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Mardin, June 24, 2018.

Hi every­one !

I pre­ferred not to say it out loud — and, besides, we had instruc­tions to remain quiet.

I joined a del­e­ga­tion from the France-Kur­dis­tan Sol­i­dar­i­ty Asso­ci­a­tion which car­ried out a mis­sion of obser­va­tion of the pres­i­den­tial and leg­isla­tive elec­tions in Turkey on June 24. Same as in 2015, the group chose Mardin as its base, a very beau­ti­ful town in Turk­ish Kur­dis­tan, not far from the Syr­i­an bor­der. Half of the group (in which I was) went today to Nusay­bin, the oth­er half to Kizil­te­pe, two towns locat­ed on the bor­der, which were admin­is­tered by the Peo­ple’s Demo­c­ra­t­ic Par­ty (HDP) and which are now, like dozens of oth­ers, under the con­trol of the State after the dis­missal and arrest of their may­ors and co-mayors.

It was a very short stay, only three days, but it allowed the eight peo­ple of the del­e­ga­tion to make impor­tant and warm meet­ings with local lead­ers or HDP activists. The group’s dis­cre­tion made it pos­si­ble to avoid incon­ve­niences (deten­tion, arrest, con­fis­ca­tion of pass­ports, expul­sions), which oth­er del­e­ga­tions suffered.

We just spent an evening watch­ing the results of the votes. Both dis­ap­point­ing and encour­ag­ing results for democ­ra­cy in Turkey.

Dis­ap­point­ing : Erdo­gan is re-elect­ed, there will be no sec­ond round, and there­fore the con­sti­tu­tion­al reform adopt­ed by ref­er­en­dum in April 2017 will be imple­ment­ed, which will con­sid­er­ably extend the pres­i­den­tial pow­ers. This re-elec­tion will give legit­i­ma­cy to a regime that is tend­ing towards dic­ta­tor­ship. I invite you to take a look at the arti­cle in which I analysed the wor­ry­ing fea­tures of this ref­er­en­dum, which will be applied in the com­ing days. It is a vic­to­ry for Erdo­gan, who allowed him­self the lux­u­ry of mak­ing a state­ment on tele­vi­sion although the count­ing was not fin­ished. At this very moment, his sup­port­ers are march­ing in the streets of Mardin, tri­umphant­ly, as prob­a­bly through­out all Turkey.

Nev­er­the­less, we have strong rea­sons to hope and be con­fi­dent in Turkey’s demo­c­ra­t­ic forces. Muhar­rem Ince, can­di­date of the old Kemal­ist par­ty CHP, got more than 30% of the votes. This man was still a stranger a few months ago, and his rel­a­tive suc­cess illus­trates a deep desire for change in the pop­u­la­tion. But the CHP is an old par­ty that has always been very con­ser­v­a­tive on sen­si­tive issues.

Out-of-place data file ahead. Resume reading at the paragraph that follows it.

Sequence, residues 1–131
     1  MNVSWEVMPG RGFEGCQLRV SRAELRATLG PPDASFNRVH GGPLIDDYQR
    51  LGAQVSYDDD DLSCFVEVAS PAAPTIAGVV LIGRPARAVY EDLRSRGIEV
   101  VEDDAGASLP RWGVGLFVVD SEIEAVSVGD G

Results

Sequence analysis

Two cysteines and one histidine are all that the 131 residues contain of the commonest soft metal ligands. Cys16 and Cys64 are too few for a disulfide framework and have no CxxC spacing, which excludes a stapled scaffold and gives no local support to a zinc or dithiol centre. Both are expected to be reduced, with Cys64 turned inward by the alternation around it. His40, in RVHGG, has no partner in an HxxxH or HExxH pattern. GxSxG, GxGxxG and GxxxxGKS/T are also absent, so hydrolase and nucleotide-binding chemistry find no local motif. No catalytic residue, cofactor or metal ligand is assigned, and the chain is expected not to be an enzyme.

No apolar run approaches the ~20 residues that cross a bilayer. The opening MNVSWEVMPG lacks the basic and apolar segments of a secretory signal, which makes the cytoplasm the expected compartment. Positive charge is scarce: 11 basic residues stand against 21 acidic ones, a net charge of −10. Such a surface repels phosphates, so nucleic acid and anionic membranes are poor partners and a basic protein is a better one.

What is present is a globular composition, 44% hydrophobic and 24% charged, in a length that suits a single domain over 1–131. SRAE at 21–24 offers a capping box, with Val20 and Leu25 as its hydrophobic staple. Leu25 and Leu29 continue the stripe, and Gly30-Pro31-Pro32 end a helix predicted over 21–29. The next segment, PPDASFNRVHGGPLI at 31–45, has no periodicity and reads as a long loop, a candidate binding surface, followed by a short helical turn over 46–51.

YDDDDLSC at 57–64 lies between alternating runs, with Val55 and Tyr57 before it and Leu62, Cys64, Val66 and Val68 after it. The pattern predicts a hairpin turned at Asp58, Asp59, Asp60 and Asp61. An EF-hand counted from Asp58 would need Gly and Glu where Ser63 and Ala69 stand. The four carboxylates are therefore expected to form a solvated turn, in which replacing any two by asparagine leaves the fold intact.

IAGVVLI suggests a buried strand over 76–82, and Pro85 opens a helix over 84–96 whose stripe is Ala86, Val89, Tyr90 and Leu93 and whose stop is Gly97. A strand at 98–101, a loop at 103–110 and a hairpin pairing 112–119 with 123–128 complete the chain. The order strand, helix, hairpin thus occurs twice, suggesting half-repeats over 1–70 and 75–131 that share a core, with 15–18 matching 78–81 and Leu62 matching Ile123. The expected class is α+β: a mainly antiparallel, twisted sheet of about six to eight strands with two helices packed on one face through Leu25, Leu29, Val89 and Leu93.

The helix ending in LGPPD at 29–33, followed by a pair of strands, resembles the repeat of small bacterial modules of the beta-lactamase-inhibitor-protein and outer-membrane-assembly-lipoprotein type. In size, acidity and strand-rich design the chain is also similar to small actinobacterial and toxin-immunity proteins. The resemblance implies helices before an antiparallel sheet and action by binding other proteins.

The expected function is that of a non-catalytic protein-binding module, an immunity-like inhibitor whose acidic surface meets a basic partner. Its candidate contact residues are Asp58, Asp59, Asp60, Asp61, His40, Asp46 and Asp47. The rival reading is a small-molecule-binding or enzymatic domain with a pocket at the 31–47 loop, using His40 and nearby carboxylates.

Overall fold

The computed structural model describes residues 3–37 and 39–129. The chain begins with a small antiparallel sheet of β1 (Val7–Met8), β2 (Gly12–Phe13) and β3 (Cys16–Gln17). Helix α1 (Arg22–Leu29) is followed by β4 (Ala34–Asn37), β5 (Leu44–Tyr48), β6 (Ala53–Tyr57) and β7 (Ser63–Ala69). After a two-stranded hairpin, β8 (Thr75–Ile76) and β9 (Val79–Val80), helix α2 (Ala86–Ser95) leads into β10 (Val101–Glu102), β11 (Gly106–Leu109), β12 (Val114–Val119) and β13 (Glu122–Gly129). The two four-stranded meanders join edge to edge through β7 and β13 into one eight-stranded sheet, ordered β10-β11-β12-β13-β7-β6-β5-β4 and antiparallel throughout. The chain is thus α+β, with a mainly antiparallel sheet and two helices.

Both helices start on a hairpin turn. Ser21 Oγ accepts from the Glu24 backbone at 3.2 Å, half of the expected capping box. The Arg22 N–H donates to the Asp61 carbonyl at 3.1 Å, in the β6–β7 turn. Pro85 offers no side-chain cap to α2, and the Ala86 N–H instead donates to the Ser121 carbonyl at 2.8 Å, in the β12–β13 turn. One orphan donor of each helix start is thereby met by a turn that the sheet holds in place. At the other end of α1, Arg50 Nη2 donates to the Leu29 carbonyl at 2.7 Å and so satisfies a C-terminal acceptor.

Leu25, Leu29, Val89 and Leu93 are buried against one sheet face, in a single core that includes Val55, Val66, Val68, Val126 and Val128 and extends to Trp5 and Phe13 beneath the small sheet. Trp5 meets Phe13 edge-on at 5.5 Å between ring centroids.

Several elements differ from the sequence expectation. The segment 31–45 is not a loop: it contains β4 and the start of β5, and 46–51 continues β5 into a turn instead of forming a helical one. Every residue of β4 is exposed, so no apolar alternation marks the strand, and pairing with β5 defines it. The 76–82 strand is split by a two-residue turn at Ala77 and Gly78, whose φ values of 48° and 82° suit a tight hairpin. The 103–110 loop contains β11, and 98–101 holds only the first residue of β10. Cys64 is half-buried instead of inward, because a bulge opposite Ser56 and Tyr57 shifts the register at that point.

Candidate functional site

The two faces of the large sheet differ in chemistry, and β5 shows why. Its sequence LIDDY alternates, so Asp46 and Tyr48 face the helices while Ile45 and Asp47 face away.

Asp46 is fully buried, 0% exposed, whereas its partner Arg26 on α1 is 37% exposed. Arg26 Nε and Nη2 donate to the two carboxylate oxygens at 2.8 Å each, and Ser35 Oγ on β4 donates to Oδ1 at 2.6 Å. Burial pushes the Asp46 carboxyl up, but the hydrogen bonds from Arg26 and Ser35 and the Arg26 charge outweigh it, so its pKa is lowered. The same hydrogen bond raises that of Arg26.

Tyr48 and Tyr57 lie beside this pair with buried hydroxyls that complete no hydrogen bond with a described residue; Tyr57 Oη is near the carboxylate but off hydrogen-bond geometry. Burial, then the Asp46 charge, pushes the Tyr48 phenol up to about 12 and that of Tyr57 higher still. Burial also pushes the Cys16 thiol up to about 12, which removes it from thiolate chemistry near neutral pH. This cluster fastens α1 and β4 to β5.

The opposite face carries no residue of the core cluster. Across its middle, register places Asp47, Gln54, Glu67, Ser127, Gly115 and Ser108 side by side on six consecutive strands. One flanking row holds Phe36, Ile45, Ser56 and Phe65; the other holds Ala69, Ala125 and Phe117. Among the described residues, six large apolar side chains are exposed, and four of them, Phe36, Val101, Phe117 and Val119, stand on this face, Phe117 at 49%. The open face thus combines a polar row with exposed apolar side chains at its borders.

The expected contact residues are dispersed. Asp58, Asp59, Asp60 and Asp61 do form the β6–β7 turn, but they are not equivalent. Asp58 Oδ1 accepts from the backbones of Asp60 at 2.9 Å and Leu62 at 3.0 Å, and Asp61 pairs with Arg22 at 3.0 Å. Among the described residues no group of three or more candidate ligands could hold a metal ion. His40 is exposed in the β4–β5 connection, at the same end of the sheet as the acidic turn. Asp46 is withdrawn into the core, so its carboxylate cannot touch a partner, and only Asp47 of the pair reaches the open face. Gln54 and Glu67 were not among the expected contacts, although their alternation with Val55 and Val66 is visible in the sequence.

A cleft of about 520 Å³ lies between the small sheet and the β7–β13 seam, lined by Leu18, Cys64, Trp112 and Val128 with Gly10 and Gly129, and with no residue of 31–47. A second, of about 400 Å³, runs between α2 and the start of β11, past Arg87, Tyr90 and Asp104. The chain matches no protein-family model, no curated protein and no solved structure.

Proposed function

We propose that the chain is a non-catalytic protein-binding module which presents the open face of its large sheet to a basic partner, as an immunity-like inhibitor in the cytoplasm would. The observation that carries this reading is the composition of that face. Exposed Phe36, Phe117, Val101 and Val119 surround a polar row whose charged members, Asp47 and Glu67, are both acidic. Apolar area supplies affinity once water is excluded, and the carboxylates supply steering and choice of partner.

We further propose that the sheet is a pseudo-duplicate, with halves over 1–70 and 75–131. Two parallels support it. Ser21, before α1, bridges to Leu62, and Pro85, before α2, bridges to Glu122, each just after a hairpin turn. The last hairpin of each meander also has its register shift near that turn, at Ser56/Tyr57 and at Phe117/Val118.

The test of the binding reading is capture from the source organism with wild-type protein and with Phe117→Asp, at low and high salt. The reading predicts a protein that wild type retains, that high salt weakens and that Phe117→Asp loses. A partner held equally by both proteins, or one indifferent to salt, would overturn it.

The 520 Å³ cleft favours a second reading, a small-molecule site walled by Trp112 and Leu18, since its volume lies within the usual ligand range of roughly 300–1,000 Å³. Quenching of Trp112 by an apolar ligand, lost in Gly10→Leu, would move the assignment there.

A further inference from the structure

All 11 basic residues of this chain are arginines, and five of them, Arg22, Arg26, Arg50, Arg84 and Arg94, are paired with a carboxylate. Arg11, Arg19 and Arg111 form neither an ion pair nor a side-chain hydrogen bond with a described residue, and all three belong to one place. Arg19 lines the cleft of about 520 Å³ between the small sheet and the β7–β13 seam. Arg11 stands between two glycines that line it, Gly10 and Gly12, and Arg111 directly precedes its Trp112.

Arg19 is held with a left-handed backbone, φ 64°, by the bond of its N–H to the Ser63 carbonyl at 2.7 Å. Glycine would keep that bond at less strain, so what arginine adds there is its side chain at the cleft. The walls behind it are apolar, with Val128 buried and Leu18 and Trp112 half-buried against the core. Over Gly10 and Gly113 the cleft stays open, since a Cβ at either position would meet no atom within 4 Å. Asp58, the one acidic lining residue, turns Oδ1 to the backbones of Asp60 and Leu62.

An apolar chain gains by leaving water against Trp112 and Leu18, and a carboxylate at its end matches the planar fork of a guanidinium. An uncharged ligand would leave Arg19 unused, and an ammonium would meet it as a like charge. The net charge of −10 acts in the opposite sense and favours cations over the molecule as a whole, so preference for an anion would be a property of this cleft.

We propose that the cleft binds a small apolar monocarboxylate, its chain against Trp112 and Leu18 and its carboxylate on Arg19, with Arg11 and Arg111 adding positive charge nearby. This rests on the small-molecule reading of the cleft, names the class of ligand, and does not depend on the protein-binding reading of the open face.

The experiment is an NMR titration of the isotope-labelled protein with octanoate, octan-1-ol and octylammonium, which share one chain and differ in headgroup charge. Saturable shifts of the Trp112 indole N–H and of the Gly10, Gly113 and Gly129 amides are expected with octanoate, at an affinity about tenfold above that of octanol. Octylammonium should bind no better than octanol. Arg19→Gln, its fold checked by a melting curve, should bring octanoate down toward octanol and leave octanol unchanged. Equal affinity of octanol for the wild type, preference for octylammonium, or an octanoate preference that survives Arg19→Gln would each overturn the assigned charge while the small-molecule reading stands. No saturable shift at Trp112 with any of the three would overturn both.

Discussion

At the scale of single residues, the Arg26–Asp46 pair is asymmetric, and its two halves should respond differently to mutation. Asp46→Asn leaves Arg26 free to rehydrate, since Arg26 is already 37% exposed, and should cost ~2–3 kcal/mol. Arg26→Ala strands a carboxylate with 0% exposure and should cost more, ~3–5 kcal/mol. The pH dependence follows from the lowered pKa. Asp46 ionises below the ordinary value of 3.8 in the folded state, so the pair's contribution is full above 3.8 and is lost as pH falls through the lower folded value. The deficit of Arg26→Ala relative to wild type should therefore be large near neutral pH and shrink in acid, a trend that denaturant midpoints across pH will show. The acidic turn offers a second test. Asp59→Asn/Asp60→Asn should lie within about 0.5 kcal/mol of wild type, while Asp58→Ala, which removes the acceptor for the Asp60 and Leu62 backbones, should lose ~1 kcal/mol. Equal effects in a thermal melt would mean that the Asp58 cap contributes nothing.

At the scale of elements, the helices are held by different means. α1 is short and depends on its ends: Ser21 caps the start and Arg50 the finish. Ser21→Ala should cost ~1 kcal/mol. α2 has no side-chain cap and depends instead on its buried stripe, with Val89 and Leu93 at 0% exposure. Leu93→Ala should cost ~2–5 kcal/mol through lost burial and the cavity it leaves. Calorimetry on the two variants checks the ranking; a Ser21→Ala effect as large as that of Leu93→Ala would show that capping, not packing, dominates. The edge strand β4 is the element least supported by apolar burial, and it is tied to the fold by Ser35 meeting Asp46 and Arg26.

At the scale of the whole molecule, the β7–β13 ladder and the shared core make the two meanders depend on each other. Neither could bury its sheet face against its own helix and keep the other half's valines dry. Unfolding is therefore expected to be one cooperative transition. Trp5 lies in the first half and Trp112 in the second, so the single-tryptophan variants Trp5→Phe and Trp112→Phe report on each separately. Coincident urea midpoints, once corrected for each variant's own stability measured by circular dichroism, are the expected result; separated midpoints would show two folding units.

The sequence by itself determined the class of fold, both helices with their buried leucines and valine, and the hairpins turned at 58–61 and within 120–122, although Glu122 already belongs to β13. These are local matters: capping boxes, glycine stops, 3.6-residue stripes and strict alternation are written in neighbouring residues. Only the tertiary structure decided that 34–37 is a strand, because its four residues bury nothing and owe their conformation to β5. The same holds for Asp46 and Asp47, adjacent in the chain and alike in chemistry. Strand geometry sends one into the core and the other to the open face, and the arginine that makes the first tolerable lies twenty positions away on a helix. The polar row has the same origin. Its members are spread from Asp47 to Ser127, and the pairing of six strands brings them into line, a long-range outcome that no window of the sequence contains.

But above all, Sela­hat­tin Demir­tas, leader of the HDP, impris­oned since Novem­ber 2016, obtained more than 8% of the votes, while his par­ty was unable to cam­paign, and even though he was exclud­ed from the media. 8% of the votes, which makes him the third can­di­date, despite him being iso­lat­ed in a cell in the prison of Edirne, at the Bul­gar­i­an bor­der, 1700 km from Kur­dis­tan, with the pos­si­bil­i­ty to address the elec­torate only by a few phone calls… Under such con­di­tions, this result is an achievement.

And then, the HDP par­ty man­aged to get through the “thresh­old” of the 10% of votes required — at the nation­al lev­el — to obtain par­lia­men­tary rep­re­sen­ta­tion. It scored over 11%, giv­ing it 66 seats in par­lia­ment, mak­ing it the third largest polit­i­cal force in the country.

Of course, this is a frag­ile result if we remem­ber 2015. On the 7th of June 2015, the HDP had been so suc­cess­ful (80 deputies) that the gov­ern­ment chose to delay form­ing a gov­ern­ment, exceed­ing the legal dead­line, which allowed Erdo­gan to can­cel the elec­tion, in all legal terms, and to call new elec­tions in Novem­ber, and the cam­paign then took place in dis­as­trous con­di­tions — as for the one we have just experienced.

These results, obtained in spite of enor­mous dif­fi­cul­ties (attacks against the can­di­dates and the party’s offices and, for this last cam­paign, elec­tions held under the con­di­tions of the state of emer­gency), prove that the base which sup­ports the HDP is sol­id, that the desire for democ­ra­cy is strong, that the democ­rats of Turkey are not impressed by vio­lence and threats.

In the com­ing days, after my return to France, I will describe these few dense days spent in Mardin, Nusay­bin and Istanbul.

See you soon !

Translated by Lougar Raynmarth
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